Arts and Entertainment
Ricardo by Edward Sutcliffe, 2014
artPortraits of LA cricketers from notorious suburb go on display
News
newsHillary Clinton comments on viral Humans of New York photo of gay teenager
Arts and Entertainment
The gang rape scene in the Royal Opera’s production of Gioachino Rossini’s Guillaume Tell has caused huge controversy
music
ebooks
ebooksAn introduction to the ground rules of British democracy
Latest stories from i100
Have you tried new the Independent Digital Edition apps?
Independent Dating
and  

By clicking 'Search' you
are agreeing to our
Terms of Use.

iJobs Job Widget
iJobs Money & Business

Recruitment Genius: Sales Assistant / Buyer

£15000 - £17000 per annum: Recruitment Genius: This company offers a range of ...

Recruitment Genius: Customer Service Advisor

£15000 - £16000 per annum: Recruitment Genius: Customer Service Advisors are r...

SThree: Trainee Recruitment Consultant

£20000 - £25000 per annum + OTE £45K: SThree: SThree were established in 1986....

Recruitment Genius: Compliance Manager

£40000 - £60000 per annum: Recruitment Genius: A Compliance Manager is require...

Day In a Page

The Greek referendum exposes a gaping hole at the heart of the European Union – its distinct lack of any genuine popular legitimacy

Gaping hole at the heart of the European Union

Treatment of Greece has shown up a lack of genuine legitimacy
Number of young homeless in Britain 'more than three times the official figures'

'Everything changed when I went to the hostel'

Number of young homeless people in Britain is 'more than three times the official figures'
Compton Cricket Club

Compton Cricket Club

Portraits of LA cricketers from notorious suburb to be displayed in London
London now the global money-laundering centre for the drug trade, says crime expert

Wlecome to London, drug money-laundering centre for the world

'Mexico is its heart and London is its head'
The Buddhist temple minutes from Centre Court that helps a winner keep on winning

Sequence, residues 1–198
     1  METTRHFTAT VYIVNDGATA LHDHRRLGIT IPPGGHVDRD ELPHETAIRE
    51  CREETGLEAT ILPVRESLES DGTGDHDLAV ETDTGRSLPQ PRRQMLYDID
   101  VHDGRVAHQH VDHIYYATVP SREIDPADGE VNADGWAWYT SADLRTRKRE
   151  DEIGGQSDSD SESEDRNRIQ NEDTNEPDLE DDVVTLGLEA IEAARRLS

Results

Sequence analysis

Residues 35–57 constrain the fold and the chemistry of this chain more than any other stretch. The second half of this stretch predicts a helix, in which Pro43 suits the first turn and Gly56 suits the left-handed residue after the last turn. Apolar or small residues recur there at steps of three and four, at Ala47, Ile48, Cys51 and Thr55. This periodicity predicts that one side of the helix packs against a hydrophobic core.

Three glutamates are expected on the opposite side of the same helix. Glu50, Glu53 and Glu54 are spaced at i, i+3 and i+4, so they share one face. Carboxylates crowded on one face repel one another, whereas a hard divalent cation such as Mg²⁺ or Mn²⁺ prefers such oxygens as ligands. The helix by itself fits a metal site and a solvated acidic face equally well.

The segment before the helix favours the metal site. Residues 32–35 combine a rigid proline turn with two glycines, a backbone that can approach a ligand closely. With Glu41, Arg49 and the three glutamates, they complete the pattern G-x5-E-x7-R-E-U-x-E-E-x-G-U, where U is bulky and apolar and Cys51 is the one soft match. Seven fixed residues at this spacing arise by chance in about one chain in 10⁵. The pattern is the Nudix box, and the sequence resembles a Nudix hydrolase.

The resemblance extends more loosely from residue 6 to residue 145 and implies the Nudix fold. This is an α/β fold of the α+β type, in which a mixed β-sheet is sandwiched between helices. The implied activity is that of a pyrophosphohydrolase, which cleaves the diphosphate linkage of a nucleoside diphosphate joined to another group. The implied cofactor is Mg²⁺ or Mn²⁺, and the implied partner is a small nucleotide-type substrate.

The Buddhist temple minutes from Centre Court

It helps a winner keep on winning
Is this the future of flying: battery-powered planes made of plastic, and without flight decks?

Is this the future of flying?

Battery-powered planes made of plastic, and without flight decks
Isis are barbarians – but the Caliphate is a dream at the heart of all Muslim traditions

Isis are barbarians

but the Caliphate is an ancient Muslim ideal
The Brink's-Mat curse strikes again: three tons of stolen gold that brought only grief

Curse of Brink's Mat strikes again

Death of John 'Goldfinger' Palmer the latest killing related to 1983 heist
Greece debt crisis: 'The ministers talk to us about miracles' – why Greeks are cynical ahead of the bailout referendum

'The ministers talk to us about miracles'

Why Greeks are cynical ahead of the bailout referendum
Call of the wild: How science is learning to decode the way animals communicate

Call of the wild

How science is learning to decode the way animals communicate
Greece debt crisis: What happened to democracy when it’s a case of 'Vote Yes or else'?

'The economic collapse has happened. What is at risk now is democracy...'

If it doesn’t work in Europe, how is it supposed to work in India or the Middle East, asks Robert Fisk
The science of swearing: What lies behind the use of four-letter words?

The science of swearing

What lies behind the use of four-letter words?
The Real Stories of Migrant Britain: Clive fled from Zimbabwe - now it won't have him back

The Real Stories of Migrant Britain

Clive fled from Zimbabwe - now it won’t have him back
Africa on the menu: Three foodie friends want to popularise dishes from the continent

Africa on the menu

Three foodie friends want to popularise dishes from the hot new continent
Donna Karan is stepping down after 30 years - so who will fill the DKNY creator's boots?

Who will fill Donna Karan's boots?

The designer is stepping down as Chief Designer of DKNY after 30 years. Alexander Fury looks back at the career of 'America's Chanel'